I would have thought it was obvious that all of Australia’s financial institutions, let alone the banks have a range of number lengths, unlike the Netherlands which at least has a standard length for numbers. Then there is what information is included in those Australian numbers, including some times check digits, and how the institutions use that information. Easy peasy to implement number portability? It took 10 years to implement SEPA (IBANS EU)

    Anyway they have all had their way, it isn’t happening in the EU, or the Netherlands at this point in time. But Australia should run with it, on its own. Even if some computer scientists think it is close to impossible to implement.

    Not that anyone is obliged to help me out but I am clearly right in outfield with no idea what the matter being discussed is. So I would appreciate some greater detail on how this grand solution of number portability to stop banks increasing their interest rates would work. The Amsterdam boys call the issue another IT-Soap.

  6. Kevin Cox says:

    There are many ways to solve the problem. For the system to be efficient you do not change the internal bank systems. They all remain the same as they are.

    One way is to move your bank account number from bank a to bank b is for bank b to create a new account with a different number. Now put the mapping in a global database that contains the mapping of one bank account number to another. When anyone does a transfer of money from one bank account to another then they should check to see if the number has changed.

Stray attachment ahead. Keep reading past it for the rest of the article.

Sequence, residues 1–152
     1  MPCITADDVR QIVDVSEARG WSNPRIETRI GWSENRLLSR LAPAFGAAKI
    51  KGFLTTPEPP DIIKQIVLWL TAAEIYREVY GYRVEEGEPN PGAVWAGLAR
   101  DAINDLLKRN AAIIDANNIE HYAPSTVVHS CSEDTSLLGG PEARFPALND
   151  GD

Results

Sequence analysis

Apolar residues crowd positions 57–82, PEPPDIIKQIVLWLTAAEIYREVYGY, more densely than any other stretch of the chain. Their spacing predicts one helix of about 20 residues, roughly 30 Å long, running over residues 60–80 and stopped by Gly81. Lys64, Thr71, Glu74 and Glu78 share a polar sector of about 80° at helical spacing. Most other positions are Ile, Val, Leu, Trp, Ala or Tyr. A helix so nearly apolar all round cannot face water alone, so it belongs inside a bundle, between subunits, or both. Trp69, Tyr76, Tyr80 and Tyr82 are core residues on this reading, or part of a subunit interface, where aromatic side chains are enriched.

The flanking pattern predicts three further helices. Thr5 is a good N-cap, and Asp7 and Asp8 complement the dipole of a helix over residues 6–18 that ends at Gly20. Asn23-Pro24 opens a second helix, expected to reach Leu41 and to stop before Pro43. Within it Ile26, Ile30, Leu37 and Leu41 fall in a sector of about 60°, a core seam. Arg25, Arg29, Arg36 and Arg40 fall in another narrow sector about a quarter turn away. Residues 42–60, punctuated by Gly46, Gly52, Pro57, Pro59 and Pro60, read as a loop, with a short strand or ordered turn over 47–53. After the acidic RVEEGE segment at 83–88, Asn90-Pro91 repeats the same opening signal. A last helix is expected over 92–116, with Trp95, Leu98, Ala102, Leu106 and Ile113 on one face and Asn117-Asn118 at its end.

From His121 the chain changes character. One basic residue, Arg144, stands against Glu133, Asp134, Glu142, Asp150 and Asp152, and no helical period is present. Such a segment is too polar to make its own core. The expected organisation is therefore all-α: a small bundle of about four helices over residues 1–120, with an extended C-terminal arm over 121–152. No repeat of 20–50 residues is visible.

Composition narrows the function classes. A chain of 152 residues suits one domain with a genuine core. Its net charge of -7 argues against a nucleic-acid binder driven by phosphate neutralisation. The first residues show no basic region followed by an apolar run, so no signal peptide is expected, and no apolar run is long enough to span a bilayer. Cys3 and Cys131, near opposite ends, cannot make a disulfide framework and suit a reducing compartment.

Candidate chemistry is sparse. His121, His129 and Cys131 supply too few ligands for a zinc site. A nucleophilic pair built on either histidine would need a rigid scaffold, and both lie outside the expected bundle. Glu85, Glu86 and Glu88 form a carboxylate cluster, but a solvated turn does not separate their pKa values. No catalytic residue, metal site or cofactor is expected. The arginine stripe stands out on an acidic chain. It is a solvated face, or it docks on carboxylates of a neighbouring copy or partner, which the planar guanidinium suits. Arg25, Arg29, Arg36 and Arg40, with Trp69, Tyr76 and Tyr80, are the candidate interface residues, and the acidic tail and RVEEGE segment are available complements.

This has other advantages such as enabling an individual to easily amalgamate bank accounts.

    Another solution is to have low cost automatic instant transfers of money between accounts no matter where the money resides but that leaves you with bank fees on two accounts and unnecessary transaction fees.

    Both the above solutions are simple to implement and easy to do but the banks will not do it of their own violation because they lose their competitive advantage of their existing client base.

    I have just been through the process of trying to move from one bank to another because the second bank offered me better service on a different product and asked me to move my day to day banking to them. This turned out to be a nightmare and was not worth doing. What happens is that you have to notify everyone who knows your number to pay to the new account. The only practical way to achieve the change is to leave the old account open for at least a year and to see the activity on the account and then notify those who are still using the old account to cease and desist and people paying you money tend to be a bit annoyed at having to change their systems to accommodate your changes.

    Mortgage accounts are different to bank trading accounts. They are places where you owe the money and not places where you store your money. The transfer of a mortgage requires more than the transfer of a bank account.

    Given then that you want to take advantage of a new service (like a bank that offers lower interest on mortgage accounts) that a bank offers. You will find that the bank may require you to open up accounts with them. In practice what most people do is not to look for the best deal but to stay with their existing bank. This reduces competition and it enables banks to increase fees and interest rates without losing existing customers.

Comments are closed.